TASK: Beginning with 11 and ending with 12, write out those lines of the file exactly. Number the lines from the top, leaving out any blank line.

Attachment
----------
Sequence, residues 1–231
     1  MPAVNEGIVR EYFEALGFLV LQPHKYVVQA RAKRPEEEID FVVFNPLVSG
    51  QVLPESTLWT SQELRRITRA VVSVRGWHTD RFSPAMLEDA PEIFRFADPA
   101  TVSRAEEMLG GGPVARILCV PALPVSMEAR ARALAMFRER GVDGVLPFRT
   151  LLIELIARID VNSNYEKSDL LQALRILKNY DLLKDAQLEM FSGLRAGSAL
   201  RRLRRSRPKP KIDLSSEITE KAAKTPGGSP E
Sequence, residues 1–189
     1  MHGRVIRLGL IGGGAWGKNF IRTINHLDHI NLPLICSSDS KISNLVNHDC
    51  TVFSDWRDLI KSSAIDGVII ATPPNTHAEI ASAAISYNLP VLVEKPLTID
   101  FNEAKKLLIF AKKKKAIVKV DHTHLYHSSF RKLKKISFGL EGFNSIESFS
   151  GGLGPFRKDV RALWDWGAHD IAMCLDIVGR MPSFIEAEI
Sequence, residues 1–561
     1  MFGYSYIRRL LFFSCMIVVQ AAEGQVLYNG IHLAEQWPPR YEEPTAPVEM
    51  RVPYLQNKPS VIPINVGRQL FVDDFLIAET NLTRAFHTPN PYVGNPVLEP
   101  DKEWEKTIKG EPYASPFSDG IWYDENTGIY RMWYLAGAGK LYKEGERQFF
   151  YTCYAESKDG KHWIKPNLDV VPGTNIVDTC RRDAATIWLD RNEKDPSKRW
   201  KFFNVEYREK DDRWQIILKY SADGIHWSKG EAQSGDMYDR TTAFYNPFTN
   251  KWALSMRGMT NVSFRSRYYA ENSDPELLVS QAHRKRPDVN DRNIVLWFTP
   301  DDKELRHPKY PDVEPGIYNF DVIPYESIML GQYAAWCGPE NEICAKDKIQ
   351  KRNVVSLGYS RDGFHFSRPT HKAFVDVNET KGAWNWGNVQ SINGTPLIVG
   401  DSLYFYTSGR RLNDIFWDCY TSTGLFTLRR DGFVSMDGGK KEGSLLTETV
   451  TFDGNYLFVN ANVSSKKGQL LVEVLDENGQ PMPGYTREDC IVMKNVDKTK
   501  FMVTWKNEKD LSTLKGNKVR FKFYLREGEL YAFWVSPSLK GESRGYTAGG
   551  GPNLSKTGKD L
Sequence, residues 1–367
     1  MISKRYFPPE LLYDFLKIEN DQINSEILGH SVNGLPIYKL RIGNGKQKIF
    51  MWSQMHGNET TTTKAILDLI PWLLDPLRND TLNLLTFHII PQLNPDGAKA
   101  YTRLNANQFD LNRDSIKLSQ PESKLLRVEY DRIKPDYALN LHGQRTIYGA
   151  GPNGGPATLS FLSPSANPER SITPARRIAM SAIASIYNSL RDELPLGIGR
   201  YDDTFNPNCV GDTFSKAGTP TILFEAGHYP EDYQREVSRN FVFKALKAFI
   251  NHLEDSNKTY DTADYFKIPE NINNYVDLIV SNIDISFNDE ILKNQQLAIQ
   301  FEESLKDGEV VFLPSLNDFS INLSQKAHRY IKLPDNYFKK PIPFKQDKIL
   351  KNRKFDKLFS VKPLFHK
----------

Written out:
   151  GGLGPFRKDV RALWDWGAHD IAMCLDIVGR MPSFIEAEI
Sequence, residues 1–561